We begin three years ago, as 13-year-old Amy Winston learns of her heritage as Princess Amethyst, ruler of House Amethyst on Gemworld. Her protector, Granch, swears to train her in fighting as she takes the place of her parents, murdered by Dark Opal. Her mentor, Citrina, will instruct her in the ways of House Amethyst, ‘the most respected, honoured realm in all of Gemworld’.
Hmm, maybe Citrina and Granch were telling Amy what she needed to hear. Or perhaps the people of House Sapphire, to whom she’s come for help to find her missing subjects, are under an enchantment… or just plain lying. Either way, Amethyst has a mystery to unravel.
Prior to appealing to the rulers of House Sapphire, Amethyst was spurned by her supposed friends in House Turquoise. She flounced out; Lord Sapphire doesn’t give her the choice, sending Amethyst, new pal Phoss, the latter’s giant caterpillar pal Stan and her own steed, Ypsilos, plunging into a pit. Now, Ypsilos is a winged horse, but even a Pegasus can be taken by surprise, so Amethyst acts, stabbing her sword into the nearest wall to slow her fall. She slows everyone else, too…
That’s the start of the second issue of Amy Reeder’s mini-series continuing the adventures begun in the Eighties by Dan Mishkin, Gary Cohn and Ernie Colon. The rest of the book continues in the same vein, with delightful character moments, intermittent action and intriguing revelations. There’s another new character in the Aquamarine form of Elba, Phoss’s girlfriend, who has the quality of Golden Age Etta Candy, regarding life as something you grab on to and have fun with.
As for Phoss, she teaches Amethyst a couple of lessons this time – not everyone needs protecting, and it’s not all about her. Weighed down by her responsibilities, Amethyst tends to assume every challenge is a burden for her alone; hopefully soon she’ll relax and smell the flowers along the way. Our heroine is very capable, though, able to recognise trouble and react and adapt as needed. This issue she’s extremely adept at using an ability Elba helps her unlock, one connected to gifts from adoptive parents Marion and Herb, presents she had dismissed as silly attempts to connect with her Gemworld life.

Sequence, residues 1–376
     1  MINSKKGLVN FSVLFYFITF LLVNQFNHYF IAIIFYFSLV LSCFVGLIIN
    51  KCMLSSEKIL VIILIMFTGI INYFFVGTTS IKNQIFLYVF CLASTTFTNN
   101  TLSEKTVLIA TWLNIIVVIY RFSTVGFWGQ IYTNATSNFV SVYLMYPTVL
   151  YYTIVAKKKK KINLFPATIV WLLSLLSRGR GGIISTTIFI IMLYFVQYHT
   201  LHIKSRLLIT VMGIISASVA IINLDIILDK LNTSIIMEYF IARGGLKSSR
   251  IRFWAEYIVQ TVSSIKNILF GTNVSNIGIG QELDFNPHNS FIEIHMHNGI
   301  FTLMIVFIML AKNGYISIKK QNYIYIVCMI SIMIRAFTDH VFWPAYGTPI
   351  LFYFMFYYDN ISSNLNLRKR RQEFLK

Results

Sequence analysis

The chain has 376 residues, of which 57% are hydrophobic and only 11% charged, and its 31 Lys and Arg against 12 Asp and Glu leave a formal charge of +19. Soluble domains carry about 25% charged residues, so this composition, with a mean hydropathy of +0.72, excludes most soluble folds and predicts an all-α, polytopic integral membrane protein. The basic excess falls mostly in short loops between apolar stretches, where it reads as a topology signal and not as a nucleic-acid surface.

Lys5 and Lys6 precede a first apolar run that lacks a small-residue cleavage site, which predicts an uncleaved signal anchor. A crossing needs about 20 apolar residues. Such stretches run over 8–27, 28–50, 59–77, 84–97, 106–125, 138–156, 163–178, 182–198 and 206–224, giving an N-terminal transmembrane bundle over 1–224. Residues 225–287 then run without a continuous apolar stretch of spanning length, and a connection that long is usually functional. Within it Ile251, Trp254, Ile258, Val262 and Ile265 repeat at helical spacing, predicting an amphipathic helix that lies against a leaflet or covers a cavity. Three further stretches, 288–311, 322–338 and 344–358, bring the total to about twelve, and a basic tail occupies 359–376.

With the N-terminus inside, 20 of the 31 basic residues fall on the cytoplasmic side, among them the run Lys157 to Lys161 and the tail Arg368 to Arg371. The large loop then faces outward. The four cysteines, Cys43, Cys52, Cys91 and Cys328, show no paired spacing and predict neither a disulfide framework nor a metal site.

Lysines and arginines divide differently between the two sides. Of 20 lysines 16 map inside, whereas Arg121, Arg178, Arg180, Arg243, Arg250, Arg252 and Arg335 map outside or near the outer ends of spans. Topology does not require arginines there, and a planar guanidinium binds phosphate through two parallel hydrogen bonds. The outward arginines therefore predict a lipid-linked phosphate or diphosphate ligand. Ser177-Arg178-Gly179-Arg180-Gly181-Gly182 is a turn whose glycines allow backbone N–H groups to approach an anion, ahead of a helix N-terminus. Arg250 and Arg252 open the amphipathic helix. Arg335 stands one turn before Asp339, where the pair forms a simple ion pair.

Amy Reeder is excellent at creating and blending characters – Amethyst, Phoss, Elba… they’re very different but there’s palpable chemistry between these young women, I believe in them as friends. Meanwhile, the mystery of what happened to House Amethyst begins to unfurl, with the young princess making a massive discovery at issue’s end.
And Reeder’s full-colour art is stunning, pastel and soft-edged in the opening idyllic memory, darker, in sharper relief, as the chapter transitions to today and House Sapphire. Things become brighter again when Amethyst meets the seafaring folk of House Aquamarine, and then it’s a world of purple as our girl is tossed from pillar to post while learning how her new ability works. I appreciate that Reeder is redesigning the people of Gemworld. So far we have the four-armed folk of House Emerald and the rubbery rascals of Aquamarine. And everyone is full of life, their feelings etched on their faces for all to see. It’s a confident performance from Reeder – with letters by Gabriela Downie and edits by Andy Khouri – and I can’t be the only one wondering how soon we’ll see this story as a Warner’s animation, full of character and colour, life lessons and lore, in a fairyland that’s fresher than most.
As with the original Amethyst run, though, I feel for Amethyst’s adoptive parents, that is, her ￼parents, the people who raised her with bags of love in the 13 years before she learned her origins. I hope to see Amethyst stop thinking of them as substitutes because, for all intents and purposes, they’re the real deal.
I hope kids are reading this comic, especially young girls,I suspect they’d get even more from this rollicking, great-looking yarn than me – and I’m loving every second spent on Gemworld.